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Author Topic: Why does my computer have less available memory than advertised?  (Read 2290 times)

Offline krool1969

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When I bought my new laptop last year it was advertised as having a 300Gb hard drive. In fact it only has a 273Gb. A few weeks ago I spent $100 on a 1Tb (1000Gb) hard drive. When I hooked it up I found it is only 931Gb.

This seems to be a common practice with computers and computer assessors. Is there a good reason why we only get about 90% of the advertised memory?
« Last Edit: 02/03/2013 12:31:54 by chris »


 

Offline RD

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Re: Why am I shorted on my computer memory?
« Reply #1 on: 01/03/2013 23:35:47 »
It's a decimal / binary confusion thing ...

1 GB = 1 gigabyte = 1000000000 bytes

1 GiB= 1 gibibyte =  1073741824 bytes

so can appear to be short changed by 7%

https://en.wikipedia.org/wiki/GiB
« Last Edit: 01/03/2013 23:38:39 by RD »
 

Offline syhprum

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Re: Why am I shorted on my computer memory?
« Reply #2 on: 01/03/2013 23:44:37 »
When you set up new drives with an OS they make a special separate section for it.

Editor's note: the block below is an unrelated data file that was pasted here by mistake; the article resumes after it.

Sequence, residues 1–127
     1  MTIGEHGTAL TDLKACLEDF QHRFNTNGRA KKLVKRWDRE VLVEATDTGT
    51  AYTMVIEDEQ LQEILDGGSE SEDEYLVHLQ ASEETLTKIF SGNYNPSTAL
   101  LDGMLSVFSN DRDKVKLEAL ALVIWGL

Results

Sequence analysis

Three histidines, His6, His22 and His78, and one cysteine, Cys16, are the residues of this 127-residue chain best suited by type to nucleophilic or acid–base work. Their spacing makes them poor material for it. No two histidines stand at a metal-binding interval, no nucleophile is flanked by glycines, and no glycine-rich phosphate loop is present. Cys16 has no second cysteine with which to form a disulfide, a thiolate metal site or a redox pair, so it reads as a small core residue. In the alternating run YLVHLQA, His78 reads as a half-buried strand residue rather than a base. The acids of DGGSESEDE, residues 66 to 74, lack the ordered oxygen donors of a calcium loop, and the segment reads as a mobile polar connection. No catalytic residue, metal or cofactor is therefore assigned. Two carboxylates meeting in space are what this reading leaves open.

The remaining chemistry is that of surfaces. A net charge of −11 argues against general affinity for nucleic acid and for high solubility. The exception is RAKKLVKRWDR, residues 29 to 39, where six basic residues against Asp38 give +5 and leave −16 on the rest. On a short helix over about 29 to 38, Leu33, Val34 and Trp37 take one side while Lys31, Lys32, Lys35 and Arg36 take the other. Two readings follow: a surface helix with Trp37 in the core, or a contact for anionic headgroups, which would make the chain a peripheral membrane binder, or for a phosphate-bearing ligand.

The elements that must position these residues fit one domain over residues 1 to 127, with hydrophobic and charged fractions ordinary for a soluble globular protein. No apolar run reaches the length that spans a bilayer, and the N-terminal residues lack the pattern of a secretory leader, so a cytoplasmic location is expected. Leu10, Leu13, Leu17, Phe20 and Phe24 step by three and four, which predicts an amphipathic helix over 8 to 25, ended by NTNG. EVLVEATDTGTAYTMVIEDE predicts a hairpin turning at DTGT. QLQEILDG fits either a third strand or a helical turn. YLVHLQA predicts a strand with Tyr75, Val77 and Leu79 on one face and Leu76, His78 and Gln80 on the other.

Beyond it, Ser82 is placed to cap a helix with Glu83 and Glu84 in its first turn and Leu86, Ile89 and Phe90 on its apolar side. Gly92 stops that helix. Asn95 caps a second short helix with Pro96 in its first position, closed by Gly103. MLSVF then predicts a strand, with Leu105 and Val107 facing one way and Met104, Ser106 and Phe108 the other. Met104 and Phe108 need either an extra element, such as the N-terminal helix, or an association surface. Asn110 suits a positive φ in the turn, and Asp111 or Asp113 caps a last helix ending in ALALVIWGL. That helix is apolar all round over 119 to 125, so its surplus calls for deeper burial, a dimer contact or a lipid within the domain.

Offline CliffordK

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Re: Why am I shorted on my computer memory?
« Reply #3 on: 02/03/2013 00:44:27 »
This has been an issue for quite some time
Drives are sold with unformatted capacity, even if they come preformatted.

You have both low level formatting, including the delineation of tracks and sectors (which you may not  be able to change), as well as high level formatting including the FAT table and basic directory structure.

Memory based devices (USB thumb drives & solid state drives) don't need the same low level formatting as standard disk drives, and the capacities should be more accurate.
 

Offline David Cooper

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RD is correct. If you buy a 16GB flash drive and look at its actual size it'll be closer to 15GiB. This has nothing to do with partitions or formatting.

When Windows tells you how big a drive is, it uses GiB (but calls it GB - GB is ambiguous and can be used for both systems of counting).

When manufacturers sell drives, they always give you it in GB (and not GiB) - this is necessary because most consumers will automatically buy the drives with the bigger numbers attached to them without checking the small print.
 

Offline MrVat7

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They are cheaters , they should advertise the available memmory .
 

Offline McKay

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No, no - the hard drive manufacturers are the ones geting it right. The OS is getting it wrong - showing GiB's as if they GB's. Mac OS, actually, made an update that shows it right now.. I hope microsoft does the same.
 

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